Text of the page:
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COMMONWEALTH PENNSYLVANIA v. MONUMENTAL PROPERTIES (09/20/76)

decided: September 20, 1976.

COMMONWEALTH OF PENNSYLVANIA, BY J. SHANE CREAMER, ATTORNEY GENERAL, PLAINTIFF
v.
MONUMENTAL PROPERTIES, INC., ET AL., DEFENDANTS



Original jurisdiction in case of Commonwealth of Pennsylvania, by J. Shane Creamer, Attorney General, Plaintiff v. Monumental Properties, Inc., Capital Housing Corporation, Executive House, Inc., Property Management, Inc., Samuel Elgart, Inc., Frank Stein, Albert Kaytes, Harry B. Davis, Donald Yost Real Estate Company, Miller Bros. & Company, William B. Hollinger & Son, Benjamin Volk, Marks & Company, Devon-Strafford Company, C. Pat Riley, Robert E. Plank, Griest Realty Company, Media Real Estate Company, Lori Incorporated, J.J. Gumburg Company, Washington Plaza, Inc., Penndale Towers, Inc., Saniel-Elkind Real Estate Co., Spiro Realty Company, Talenfeld Real Estate Co., John C. Clark Company, Yeo & Lukens Company, G.S. Rockey Company, and P.O. Naly Company.

COUNSEL

Allen C. Warshaw, Deputy Attorney General, with him Lawrence Silver, Deputy Attorney General, and Robert P. Kane, Attorney General, for plaintiff.

Lee C. Swartz, Milton S. Lazaroff, Sigmund H. Steinberg, with them Rod J. Pera; Hepford, Zimmerman & Swartz; Walter H. Compton; Samuel Lander; Joseph A. Klein; John P. Klee; Baskin, Boreman, Wilner, Sachs, Gondelman & Craig; Steven M. Dranoff; Irving L. Mazer; and Spivack & Dranoff, for defendants.

President Judge Bowman and Judges Crumlish, Jr., Kramer, Wilkinson, Jr., and Blatt. Judges Mencer and Rogers did not participate. Opinion by Judge Kramer.

Author: Kramer

[ 26 Pa. Commw. Page 401]

This matter is before us yet another time and still on preliminary objections arising out of a complaint in equity filed by the Commonwealth against twenty-five landlords and four printers of form leases seeking injunctive relief from the use of form leases as more specifically alleged in the complaint to be violations of the Unfair Trade Practices and Consumer Protection Law (hereinafter Act), Act of December

[ 26 Pa. Commw. Page 40217]

, 1968, P.L. 1224, as amended, 73 P.S. § 201-1 et seq. There is no need to set forth once again the basic history of this case inasmuch as it is adequately described in prior opinions. See Commonwealth v. Monumental Properties, Inc. (hereinafter Monumental I), 10 Pa. Commonwealth Ct. 596, 314 A.2d 333 (1973), affirmed in part and reversed in part in Commonwealth v. Monumental Properties, Inc. (hereinafter Monumental II), 459 Pa. 450, 329 A.2d 812 (1974).

To provide some understanding for the present posture of this case and for this opinion, it is necessary to add that in Monumental I, supra, this Court dismissed the complaint against all defendants under our holding that leasing agreements do not come within the purview of the Act and, further, that the Commonwealth's complaint had failed to set forth a cause of action. In Monumental II our Supreme Court reversed us in part and we deem it necessary to review that opinion which provides some guidelines for the disposition of the issues presently before us. The prime holding of Monumental II reads as follows: "We hold that the leasing of residences falls within the ambit of the Consumer Protection Law." 459 Pa. at 467, 329 A.2d at 820. The Court stated that the Act is "to be liberally construed," 459 Pa. at 466, 329 A.2d at 820; that the "underlying foundation [of the Act] is fraud prevention," 459 Pa. at 459, 329 A.2d at 816; that the legislative mandate was to be broadly applied and that "[a]s part of the Law's object, fraudulent conduct that would mislead or confuse a consumer was banned," 459 Pa. at 467, 329 A.2d at 820. Additionally, the Court indicated: "Rather the more natural inference is that the Legislature intended the Consumer Protection Law to be given a pragmatic reading -- a reading consistent with modern day economic reality." 459 Pa. at 470, 329 A.2d at 822; "[h]inging the remedies of the Consumer Protection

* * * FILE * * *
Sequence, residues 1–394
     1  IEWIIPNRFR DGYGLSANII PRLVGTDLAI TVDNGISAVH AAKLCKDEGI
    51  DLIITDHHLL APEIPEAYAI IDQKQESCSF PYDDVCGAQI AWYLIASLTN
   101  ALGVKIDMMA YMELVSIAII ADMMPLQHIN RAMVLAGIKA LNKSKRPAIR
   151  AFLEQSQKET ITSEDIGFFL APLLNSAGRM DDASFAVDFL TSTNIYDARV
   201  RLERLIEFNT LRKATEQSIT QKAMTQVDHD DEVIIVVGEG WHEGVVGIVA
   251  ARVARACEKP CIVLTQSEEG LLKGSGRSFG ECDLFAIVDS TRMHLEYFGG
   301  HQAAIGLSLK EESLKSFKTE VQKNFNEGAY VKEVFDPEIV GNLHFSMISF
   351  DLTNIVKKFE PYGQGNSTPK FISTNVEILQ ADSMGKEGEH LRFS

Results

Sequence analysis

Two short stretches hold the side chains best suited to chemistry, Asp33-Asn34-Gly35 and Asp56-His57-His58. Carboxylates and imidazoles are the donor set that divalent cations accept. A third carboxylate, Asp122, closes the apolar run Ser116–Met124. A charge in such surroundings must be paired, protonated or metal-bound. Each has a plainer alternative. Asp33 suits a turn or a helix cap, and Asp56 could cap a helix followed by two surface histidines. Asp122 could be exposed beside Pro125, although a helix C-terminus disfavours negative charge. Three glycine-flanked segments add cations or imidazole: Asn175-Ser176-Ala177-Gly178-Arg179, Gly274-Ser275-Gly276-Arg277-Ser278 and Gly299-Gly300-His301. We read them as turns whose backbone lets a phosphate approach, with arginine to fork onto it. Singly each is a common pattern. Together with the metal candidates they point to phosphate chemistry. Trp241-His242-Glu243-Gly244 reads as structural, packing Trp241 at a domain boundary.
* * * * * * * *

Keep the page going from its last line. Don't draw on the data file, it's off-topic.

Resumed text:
[ 26 Pa. Commw. Page 403]

Law on the passing of title simply fails to reflect fairly both modern economic conditions and, more importantly, the Legislature's intent." 459 Pa. at 473, 329 A.2d at 823. The Court continued: "we must realize further that most frequently today the average prospective tenant vis-a-vis the prospective landlord occupies a disadvantageous position," 459 Pa. at 475, 329 A.2d at 825, and quoted from Reitmeyer v. Sprecher, 431 Pa. 284, 289-290, 243 A.2d 395, 398: "If our law is to keep in tune with our times we must recognize the present day inferior position of the average tenant vis-a-vis the landlord when it comes to negotiating a lease." The Court agreed with the Commonwealth argument that "this section [73 P.S. § 201-2(4) (xiii)] was designed to cover generally all unfair and deceptive acts or practices in the conduct of trade or commerce," 459 Pa. at 478, 329 A.2d at 826, and admonished this Court not to "woodenly apply" principles of law.

In Monumental II the Court affirmed the holdings of this Court in at least two regards. First, "that portion of its [Commonwealth Court] order dismissing the complaint with respect to the form sellers is also affirmed." 459 Pa. at 487, 329 A.2d at 831. That holding by our Supreme Court effectively removes the form-seller defendants from this case and we need no longer pass upon any preliminary objections raised by the form-seller defendants. Secondly, the Court stated: "That portion of the order of the Commonwealth Court that dismissed the Commonwealth's complaint for failure to state a cause of action with respect to the use of 'unenforceable' lease provisions is affirmed," 459 Pa. at 487, 329 A.2d at 830. The Court agreed "with the ...


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